Term 3 2018
- Feature article
- Regular features
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School library spotlight: Mt St Michael's College
SCIS speaks to Sandra Mannion of Mt St Michael's College in Brisbane about what's happening in her school library.
What is your job title and what does your role entail?
I am a qualified teacher librarian, employed at Mt St Michael’s College in the role of Curriculum Leader, Library and Information Services. It is a Catholic secondary college for young women in the tradition of the Sisters of Charity, administered through Mary Aikenhead Ministries and situated in Ashgrove, Brisbane. We are a medium-sized school, approaching 900 students, renowned for our nurturing and inclusive community.
I love the multi-faceted nature of my role. Knowledge of the curriculum, teaching strategies, and learning styles is combined with expertise in resource management, literature, information services and systems, and personnel management.
I lead a team of three dedicated part-time library staff, and together we are responsible for developing the library as an active and service-driven learning centre for the College. We are passionate about fostering a love of reading by exposing our students to a range of genres in both print and digital formats.
What do you see as the most important part of the library’s role in the school community?
Over the last eight years, we have built positive relationships with the Mt St Michael’s community and created a stimulating and welcoming environment that reflects the library’s importance as a learning and teaching hub. Library staff are in a unique and privileged position within schools, as we interact with students and staff across all year levels and most subject areas. No two days are ever the same, and the lovely conversations with our smiling and thankful students keep us constantly motivated.
One of the most important roles is the management of the physical and virtual learning spaces that integrate our traditional library material with progressive elearning and information services. We are always looking at how we can extend on the creation of an exciting learning environment. We consistently receive positive feedback regarding our library guides, ‘Pathfinders’ and ‘Suggested Source Material’. These are created in-house to provide students with subject-specific digital and interactive resources, including links to relevant websites and databases.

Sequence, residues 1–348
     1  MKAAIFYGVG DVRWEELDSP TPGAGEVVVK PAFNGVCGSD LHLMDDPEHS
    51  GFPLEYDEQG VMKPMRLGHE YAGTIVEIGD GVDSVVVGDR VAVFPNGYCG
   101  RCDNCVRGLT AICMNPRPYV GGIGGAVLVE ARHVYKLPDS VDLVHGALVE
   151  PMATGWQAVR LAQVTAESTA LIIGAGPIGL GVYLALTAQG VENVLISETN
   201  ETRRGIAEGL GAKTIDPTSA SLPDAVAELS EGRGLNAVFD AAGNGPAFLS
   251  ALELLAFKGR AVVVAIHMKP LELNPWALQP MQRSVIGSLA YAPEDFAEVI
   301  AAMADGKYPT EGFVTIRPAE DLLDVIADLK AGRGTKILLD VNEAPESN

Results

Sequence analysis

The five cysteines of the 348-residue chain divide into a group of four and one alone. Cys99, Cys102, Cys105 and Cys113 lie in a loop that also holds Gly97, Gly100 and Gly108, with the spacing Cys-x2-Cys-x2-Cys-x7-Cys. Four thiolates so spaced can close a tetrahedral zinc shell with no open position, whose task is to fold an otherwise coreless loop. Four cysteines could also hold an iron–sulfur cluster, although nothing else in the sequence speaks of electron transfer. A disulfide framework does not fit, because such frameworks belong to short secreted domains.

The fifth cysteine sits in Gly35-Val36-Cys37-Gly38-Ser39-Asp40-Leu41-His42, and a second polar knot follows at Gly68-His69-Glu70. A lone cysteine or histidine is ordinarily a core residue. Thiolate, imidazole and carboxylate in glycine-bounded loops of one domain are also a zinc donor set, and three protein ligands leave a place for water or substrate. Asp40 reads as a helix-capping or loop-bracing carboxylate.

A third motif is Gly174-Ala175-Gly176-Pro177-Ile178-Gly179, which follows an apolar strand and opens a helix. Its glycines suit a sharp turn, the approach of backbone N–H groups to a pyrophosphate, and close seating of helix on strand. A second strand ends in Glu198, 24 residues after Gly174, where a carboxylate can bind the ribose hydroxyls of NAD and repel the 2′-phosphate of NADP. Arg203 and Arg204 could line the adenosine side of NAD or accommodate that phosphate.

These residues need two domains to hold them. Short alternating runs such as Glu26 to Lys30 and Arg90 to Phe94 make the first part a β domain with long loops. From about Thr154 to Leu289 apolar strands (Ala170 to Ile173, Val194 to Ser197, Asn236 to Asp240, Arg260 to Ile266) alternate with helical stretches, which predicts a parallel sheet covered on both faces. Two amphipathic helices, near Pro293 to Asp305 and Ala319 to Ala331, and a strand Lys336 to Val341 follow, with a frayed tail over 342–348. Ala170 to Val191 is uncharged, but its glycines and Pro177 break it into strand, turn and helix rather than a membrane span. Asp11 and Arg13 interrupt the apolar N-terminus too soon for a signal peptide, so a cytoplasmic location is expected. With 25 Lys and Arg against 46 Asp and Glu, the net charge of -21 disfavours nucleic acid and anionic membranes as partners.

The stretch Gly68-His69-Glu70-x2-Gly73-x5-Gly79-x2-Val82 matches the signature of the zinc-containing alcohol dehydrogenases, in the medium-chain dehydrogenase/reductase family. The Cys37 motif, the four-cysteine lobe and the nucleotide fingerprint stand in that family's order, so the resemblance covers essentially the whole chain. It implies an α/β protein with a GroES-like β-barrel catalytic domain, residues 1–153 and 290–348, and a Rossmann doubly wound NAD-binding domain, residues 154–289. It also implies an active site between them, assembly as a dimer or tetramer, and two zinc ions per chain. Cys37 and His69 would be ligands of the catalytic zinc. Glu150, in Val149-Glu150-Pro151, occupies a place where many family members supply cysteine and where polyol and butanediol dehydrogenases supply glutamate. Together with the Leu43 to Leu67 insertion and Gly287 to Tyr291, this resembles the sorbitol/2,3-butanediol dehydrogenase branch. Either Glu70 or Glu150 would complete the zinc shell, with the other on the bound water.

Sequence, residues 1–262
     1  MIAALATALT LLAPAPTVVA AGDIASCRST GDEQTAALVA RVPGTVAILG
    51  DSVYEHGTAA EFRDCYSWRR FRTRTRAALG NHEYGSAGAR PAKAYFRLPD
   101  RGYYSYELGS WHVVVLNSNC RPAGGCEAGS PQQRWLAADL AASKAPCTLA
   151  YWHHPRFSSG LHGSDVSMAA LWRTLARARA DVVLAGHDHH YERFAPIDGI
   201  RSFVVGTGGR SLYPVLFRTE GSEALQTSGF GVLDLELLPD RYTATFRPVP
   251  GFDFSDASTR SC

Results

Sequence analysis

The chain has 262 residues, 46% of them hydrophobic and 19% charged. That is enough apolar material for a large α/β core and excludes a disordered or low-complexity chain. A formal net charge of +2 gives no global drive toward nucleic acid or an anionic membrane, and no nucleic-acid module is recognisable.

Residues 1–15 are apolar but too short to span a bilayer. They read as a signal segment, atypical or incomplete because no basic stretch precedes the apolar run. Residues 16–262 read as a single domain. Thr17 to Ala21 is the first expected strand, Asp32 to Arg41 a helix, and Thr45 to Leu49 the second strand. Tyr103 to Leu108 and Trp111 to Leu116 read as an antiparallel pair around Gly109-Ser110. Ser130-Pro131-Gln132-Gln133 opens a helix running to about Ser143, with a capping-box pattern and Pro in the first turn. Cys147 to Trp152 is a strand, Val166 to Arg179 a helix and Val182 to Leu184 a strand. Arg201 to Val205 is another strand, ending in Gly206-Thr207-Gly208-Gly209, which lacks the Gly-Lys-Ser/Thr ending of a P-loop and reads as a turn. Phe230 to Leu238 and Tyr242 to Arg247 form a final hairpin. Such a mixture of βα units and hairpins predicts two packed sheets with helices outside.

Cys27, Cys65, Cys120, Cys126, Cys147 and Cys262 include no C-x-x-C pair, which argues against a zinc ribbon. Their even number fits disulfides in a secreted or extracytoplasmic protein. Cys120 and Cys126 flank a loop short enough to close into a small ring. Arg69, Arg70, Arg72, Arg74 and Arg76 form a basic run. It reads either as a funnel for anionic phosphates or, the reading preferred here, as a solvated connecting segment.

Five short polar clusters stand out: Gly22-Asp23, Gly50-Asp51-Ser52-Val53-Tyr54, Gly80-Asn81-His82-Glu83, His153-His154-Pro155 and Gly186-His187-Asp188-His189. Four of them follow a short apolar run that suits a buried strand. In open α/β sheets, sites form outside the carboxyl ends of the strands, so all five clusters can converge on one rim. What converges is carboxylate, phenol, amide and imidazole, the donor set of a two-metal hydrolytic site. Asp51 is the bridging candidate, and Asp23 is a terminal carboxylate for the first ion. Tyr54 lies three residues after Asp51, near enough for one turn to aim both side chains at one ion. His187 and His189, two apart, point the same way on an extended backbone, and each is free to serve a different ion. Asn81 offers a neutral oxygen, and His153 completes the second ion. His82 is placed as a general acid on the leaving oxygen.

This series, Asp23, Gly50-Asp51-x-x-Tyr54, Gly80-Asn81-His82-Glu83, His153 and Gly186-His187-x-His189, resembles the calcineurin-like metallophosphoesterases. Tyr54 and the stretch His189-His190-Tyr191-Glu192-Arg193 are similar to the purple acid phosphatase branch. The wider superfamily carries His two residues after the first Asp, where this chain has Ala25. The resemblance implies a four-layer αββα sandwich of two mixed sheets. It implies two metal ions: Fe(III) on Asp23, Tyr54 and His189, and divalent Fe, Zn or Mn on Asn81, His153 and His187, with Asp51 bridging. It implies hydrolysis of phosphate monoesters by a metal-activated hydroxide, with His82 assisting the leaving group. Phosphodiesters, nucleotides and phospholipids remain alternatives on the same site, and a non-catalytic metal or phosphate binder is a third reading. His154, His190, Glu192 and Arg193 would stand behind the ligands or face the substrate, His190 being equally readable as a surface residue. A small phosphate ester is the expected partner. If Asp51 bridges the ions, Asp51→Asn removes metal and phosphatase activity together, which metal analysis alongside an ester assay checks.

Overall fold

School libraries are places where all students feel welcomed and are encouraged to grow and learn. We do a lot more than just provide books and information; we provide a haven for everyone to think, create, share, and grow. It’s certainly the favourite spot in the school for many of our students.
Are there any current issues or challenges facing your library? How are you working to overcome these?
We are developing and implementing a strategic plan that will enable our library to deliver on the needs of all our key stakeholders, as it is often a challenge to accommodate all those who wish to use it.
To assess these needs, we have recently conducted an online library survey. There were over 400 student responses and 40 from staff, so it will take quite a while to sift through all the data, but some general trends are already emerging. For example, users would like to see the creation of a new physical space that would cater for more collaborative learning, as well as the different needs of junior and senior students.